The Australia-based, London-listed group doubled revenues in its Guardian fleet division – an in-cab driver fatigue monitoring technology – to A$1.64mln in the six months to 31 December.
That was primarily to three new distributor agreements signed in the period – including one with a US outfit, one with an Asia Pacific company and another in New Zealand – which have brought on board multiple customers on a trial run basis.
Seeing Machines said it was particularly pleased with the progress it was making with Guardian in the US, with several of these ‘customers under assessment’ being converted to contracts.
On top of Guardian, its automotive business – home to its Fovio driver monitoring system (DMS) – also made progress on a revenue front in the half year.
That division grew revenues to A$993,000 (2015: A$979,000) and Seeing Machines said it had made “tremendous strides” in developing the technology.
The company has a deal with a ‘major’ original equipment manufacturer (OEM) which is due to launch its first semi-autonomous vehicle with integrated DMS later this year. So far, Seeing said it had passed every major delivery milestone for this customer.
As expected, the only major division of the company not to outperform last year’s was mining.
Seeing Machines has a licensing deal with Caterpillar Inc (NYSE:CAT) and this agreement provided a significant one-off boost in 2016.
The division raked in A$790,000 in the six month period, compared to the A$27.6mln it generated in the same period back in 2015.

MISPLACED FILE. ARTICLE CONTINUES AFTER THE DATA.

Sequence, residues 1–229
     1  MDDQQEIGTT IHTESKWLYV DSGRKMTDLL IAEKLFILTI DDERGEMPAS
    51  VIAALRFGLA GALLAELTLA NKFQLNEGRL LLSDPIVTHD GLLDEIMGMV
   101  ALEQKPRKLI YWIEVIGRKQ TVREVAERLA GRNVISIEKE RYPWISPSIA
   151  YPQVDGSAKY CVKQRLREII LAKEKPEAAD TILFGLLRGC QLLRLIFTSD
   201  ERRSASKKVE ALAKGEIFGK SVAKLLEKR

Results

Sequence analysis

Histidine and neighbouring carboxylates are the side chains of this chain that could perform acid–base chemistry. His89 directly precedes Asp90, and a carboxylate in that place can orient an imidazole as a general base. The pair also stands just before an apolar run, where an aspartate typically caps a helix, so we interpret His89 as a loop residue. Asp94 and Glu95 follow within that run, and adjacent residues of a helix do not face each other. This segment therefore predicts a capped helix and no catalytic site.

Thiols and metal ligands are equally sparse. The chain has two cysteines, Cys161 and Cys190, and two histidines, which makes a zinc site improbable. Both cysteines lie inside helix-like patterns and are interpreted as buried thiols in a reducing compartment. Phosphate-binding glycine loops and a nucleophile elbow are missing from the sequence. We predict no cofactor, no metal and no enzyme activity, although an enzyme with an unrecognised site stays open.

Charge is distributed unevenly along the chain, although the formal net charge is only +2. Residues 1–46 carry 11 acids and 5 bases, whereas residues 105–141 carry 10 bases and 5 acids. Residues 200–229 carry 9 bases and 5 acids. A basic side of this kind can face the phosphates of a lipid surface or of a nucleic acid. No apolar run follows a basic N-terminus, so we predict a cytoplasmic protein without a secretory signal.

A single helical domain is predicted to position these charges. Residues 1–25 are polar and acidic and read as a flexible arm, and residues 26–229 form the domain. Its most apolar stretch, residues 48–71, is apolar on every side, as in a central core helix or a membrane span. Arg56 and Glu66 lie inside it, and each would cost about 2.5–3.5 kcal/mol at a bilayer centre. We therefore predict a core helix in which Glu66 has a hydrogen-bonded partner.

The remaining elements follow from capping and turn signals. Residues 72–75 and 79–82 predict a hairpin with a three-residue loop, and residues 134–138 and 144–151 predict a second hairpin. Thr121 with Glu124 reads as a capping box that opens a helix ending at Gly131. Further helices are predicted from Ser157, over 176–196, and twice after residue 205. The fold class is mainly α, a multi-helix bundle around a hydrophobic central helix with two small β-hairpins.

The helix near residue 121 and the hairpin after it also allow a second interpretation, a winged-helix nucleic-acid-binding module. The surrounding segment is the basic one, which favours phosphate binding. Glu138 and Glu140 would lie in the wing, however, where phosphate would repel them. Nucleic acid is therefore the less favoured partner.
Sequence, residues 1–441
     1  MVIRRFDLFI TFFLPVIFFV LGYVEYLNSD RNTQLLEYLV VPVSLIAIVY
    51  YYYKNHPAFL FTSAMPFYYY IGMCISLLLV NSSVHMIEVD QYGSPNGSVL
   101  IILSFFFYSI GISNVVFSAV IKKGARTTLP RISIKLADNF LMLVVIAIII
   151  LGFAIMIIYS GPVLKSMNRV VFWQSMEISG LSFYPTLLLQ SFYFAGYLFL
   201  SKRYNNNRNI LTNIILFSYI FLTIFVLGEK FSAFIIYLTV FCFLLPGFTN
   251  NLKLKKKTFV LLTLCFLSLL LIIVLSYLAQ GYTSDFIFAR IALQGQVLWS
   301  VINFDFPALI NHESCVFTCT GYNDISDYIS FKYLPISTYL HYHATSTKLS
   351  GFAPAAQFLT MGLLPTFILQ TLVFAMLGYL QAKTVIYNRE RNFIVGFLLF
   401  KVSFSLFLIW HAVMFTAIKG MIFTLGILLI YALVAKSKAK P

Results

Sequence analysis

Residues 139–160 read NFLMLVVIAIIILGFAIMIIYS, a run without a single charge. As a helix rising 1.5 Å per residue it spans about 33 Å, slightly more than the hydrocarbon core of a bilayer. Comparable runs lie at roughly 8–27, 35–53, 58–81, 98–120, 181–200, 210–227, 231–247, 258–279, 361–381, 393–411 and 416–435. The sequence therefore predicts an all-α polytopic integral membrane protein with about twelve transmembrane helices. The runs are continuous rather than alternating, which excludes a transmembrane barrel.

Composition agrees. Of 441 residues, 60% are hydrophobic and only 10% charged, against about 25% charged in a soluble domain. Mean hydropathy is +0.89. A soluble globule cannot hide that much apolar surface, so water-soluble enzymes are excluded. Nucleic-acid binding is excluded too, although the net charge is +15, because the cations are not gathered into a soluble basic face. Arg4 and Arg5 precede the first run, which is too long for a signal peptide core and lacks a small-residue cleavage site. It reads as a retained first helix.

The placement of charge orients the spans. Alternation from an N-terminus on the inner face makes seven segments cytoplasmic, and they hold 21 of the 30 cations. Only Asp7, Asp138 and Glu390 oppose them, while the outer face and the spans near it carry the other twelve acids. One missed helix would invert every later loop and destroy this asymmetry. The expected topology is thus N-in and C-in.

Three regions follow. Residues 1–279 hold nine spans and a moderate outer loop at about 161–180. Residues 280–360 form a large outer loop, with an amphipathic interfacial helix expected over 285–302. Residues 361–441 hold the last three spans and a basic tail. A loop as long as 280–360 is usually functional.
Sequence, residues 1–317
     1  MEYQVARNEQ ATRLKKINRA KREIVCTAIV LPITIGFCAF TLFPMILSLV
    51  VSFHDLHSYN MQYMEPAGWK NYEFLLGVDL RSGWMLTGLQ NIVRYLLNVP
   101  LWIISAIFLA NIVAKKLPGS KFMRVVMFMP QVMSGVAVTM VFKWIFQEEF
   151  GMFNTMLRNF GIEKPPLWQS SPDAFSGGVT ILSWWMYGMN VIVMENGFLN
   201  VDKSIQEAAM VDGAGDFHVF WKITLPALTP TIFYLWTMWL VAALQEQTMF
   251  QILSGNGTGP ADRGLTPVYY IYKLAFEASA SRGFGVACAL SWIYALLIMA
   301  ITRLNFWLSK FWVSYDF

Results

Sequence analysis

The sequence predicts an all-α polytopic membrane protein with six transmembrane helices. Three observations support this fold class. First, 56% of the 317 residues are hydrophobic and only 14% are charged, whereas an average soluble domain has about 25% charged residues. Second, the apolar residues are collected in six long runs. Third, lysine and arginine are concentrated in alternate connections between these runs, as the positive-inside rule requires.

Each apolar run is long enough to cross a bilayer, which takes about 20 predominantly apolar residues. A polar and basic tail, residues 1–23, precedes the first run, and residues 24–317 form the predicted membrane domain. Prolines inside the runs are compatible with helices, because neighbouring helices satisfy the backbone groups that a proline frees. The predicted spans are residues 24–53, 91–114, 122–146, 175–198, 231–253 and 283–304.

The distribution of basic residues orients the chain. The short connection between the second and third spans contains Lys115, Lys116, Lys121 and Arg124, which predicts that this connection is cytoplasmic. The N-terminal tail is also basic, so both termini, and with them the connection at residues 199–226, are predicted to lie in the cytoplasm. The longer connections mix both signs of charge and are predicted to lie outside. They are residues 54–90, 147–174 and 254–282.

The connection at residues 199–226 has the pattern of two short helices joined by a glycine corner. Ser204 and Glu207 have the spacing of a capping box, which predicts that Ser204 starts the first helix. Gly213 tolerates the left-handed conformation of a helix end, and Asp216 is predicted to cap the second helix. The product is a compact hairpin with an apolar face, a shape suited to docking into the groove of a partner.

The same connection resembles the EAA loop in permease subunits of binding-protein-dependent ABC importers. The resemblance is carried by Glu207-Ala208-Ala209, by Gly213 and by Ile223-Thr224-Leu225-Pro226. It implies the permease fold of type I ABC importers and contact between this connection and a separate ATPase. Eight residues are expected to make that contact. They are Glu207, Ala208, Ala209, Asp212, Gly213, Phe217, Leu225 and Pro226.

Seeing Machines said it made “significant progress” in its aviation arm in the first half of its year, while in its rail division, it expects to announce an agreement with Progress Rail to be in place later in 2017.
“We continue to grow our business in the Automotive, Fleet, Aviation, Mining and Rail markets and technologies with strong support from our shareholders,” said chief executive Ken Kroeger.
“Revenue in our Fleet business has more than doubled, with long-term contracted business and a stronger pipeline developed across a number of regions and channels worldwide.
“Overall, I am pleased with the progress towards the achievement of our long-term goals as our multi-sector strategy continues to gain momentum.”
Speaking of shareholder support, Seeing Machines successfully raised A$27mln from investors at the end of 2016 which it received in January.
Cash will go to the company’s Fovio automotive arm, which has come up with a driver monitoring chip to be used in the next generation of semi-autonomous cars.
Prior to the placing announcement, Seeing Machines had been mulling whether to demerge Fovio as a separate business.
But, with the cash influx, it was deemed in the “best interests” of the business to retain control of its intellectual property.
Given that it’s still heavily investing in the research and development of its various technologies, Seeing Machines reported a loss for the period of A$14.1mln (H1 2015: A$11.2mln).
At the end of the period, the firm had A$11.6mln of cash in the bank (June 2016: A$16.9mln).
Seeing Machines also said that new contracts had not translated to sales revenue as quickly as it had expected and has reduced its full-year revenue forecasts as a result.